Talk to the chair

2 February 2017

Talk to the chair

  • Behaviour
by Michael Grose

I heard a great story recently that reflected some very smart parenting.

Communications guru Michael Grinder in a presentation told of a time when a teenager came home later than expected from a party.

His mother was worried sick.

She was also exhausted so she went to bed.

But not before she left a chair covered by a blanket by the front door.

On arrival home the teenage son received the shock of his life, as he thought his mother was asleep on the chair. He soon realised that his mum was NOT under the blanket but it was a visual reminder of how worried his mother was.

The next morning the chair with the blanket was still in front of the door, a stark reminder of the worry and consternation that the boy’s lack of punctuality caused his mum.

Mother and son revisited the chair and the situation after breakfast.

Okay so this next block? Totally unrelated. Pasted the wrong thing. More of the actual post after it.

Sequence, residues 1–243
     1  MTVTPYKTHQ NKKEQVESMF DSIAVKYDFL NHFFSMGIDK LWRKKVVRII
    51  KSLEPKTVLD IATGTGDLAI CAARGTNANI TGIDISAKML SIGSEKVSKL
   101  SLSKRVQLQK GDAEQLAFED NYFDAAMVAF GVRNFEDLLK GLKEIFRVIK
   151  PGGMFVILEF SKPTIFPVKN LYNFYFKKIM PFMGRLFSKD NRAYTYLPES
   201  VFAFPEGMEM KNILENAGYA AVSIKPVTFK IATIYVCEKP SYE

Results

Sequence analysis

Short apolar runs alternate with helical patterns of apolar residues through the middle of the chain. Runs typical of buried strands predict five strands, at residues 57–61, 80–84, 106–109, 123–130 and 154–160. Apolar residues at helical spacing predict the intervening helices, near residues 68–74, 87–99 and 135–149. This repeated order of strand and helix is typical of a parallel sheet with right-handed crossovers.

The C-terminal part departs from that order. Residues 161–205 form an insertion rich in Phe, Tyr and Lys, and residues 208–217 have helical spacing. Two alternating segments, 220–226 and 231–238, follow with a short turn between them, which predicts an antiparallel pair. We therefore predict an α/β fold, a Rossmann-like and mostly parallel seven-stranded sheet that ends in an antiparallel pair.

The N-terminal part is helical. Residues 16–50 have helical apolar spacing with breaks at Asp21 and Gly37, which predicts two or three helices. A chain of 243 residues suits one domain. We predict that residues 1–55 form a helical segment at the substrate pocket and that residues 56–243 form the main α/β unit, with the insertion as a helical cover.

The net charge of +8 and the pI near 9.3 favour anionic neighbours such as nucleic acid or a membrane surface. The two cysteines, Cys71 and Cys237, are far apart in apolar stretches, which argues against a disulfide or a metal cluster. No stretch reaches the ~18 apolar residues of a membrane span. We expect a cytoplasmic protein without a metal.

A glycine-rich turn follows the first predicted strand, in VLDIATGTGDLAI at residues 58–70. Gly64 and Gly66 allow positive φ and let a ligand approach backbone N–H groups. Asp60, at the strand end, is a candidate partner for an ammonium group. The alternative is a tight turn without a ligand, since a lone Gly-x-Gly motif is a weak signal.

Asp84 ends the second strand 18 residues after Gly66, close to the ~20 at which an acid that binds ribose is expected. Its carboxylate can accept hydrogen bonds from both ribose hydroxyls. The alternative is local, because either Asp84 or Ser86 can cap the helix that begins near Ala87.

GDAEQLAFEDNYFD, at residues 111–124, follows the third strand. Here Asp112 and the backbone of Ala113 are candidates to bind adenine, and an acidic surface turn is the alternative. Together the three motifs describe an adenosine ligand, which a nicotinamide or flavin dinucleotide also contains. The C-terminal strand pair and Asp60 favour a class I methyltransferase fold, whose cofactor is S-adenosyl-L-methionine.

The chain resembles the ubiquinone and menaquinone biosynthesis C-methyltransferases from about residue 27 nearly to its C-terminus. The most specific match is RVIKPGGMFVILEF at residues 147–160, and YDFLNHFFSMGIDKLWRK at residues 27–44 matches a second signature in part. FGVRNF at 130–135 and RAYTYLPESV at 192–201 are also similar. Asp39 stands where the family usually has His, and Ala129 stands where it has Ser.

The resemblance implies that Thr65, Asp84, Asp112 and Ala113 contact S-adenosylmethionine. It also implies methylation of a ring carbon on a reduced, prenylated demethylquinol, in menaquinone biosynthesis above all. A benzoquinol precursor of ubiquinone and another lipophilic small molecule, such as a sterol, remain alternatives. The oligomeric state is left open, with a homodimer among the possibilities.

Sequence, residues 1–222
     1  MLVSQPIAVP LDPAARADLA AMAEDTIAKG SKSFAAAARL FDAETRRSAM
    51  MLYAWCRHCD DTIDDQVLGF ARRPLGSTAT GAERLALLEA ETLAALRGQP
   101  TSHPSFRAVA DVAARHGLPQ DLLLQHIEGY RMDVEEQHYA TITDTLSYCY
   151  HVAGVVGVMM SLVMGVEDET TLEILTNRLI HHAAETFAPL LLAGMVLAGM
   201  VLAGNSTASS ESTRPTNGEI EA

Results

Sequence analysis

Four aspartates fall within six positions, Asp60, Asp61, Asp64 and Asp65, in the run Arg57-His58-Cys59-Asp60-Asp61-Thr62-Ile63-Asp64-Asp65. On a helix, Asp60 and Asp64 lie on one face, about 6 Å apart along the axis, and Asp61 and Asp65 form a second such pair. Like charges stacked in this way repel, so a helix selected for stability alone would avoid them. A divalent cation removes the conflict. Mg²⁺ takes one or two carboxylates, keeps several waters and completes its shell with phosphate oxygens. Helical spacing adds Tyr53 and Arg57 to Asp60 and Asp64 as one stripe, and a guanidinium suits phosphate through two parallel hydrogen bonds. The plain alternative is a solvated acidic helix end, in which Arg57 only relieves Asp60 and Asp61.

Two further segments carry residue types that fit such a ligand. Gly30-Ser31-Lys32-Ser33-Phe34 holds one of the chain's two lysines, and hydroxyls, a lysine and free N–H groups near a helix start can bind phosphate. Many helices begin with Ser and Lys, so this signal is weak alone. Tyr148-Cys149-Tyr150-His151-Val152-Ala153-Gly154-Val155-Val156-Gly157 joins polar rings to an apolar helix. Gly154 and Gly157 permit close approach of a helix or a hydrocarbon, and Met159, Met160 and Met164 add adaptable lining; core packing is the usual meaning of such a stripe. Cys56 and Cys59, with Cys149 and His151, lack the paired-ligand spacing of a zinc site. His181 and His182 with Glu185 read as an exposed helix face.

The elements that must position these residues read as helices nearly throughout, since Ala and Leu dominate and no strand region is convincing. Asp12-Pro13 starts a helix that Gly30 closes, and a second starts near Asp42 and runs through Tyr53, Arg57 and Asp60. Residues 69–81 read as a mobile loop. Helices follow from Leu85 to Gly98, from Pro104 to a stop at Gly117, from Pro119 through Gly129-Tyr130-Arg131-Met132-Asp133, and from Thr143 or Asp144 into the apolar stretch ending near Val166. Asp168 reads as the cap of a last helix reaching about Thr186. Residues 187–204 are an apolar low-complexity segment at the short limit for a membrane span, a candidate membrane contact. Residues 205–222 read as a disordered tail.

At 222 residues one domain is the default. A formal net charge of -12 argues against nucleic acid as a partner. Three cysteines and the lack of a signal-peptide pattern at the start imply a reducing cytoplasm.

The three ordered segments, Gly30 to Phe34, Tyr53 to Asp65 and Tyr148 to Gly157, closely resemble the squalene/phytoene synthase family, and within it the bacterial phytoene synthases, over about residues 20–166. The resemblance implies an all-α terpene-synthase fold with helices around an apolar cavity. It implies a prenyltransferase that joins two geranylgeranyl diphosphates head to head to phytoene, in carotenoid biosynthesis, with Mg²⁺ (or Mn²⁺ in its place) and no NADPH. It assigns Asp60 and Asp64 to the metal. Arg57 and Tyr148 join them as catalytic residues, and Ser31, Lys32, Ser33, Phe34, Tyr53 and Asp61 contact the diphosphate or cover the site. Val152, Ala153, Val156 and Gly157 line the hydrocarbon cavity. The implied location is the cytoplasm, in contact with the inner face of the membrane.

The talk was kept to a minimum. The chair demonstrated the worry and consternation that she felt.

The chair and blanket stayed by the door for 24 hours as a visual reminder of the worry that the teenage son’s behaviour caused.

The teenager felt so remorseful, that he asked his mother to remove the chair. The sight of it made him feel bad.

Smart parenting! This mum went visual to communicate an important message to her son. Very few words were wasted. There was no guilt.

Just a demonstration of the impact that the behaviour had on her.

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Michael Grose

Michael Grose, founder of Parenting Ideas, is one of Australia’s leading parenting educators. He’s the author of 12 books for parents including Spoonfed Generation and the best-selling Why First Borns Rule the World and Last Borns Want to Change It. His latest release Anxious Kids, was co-authored with Dr Jodi Richardson.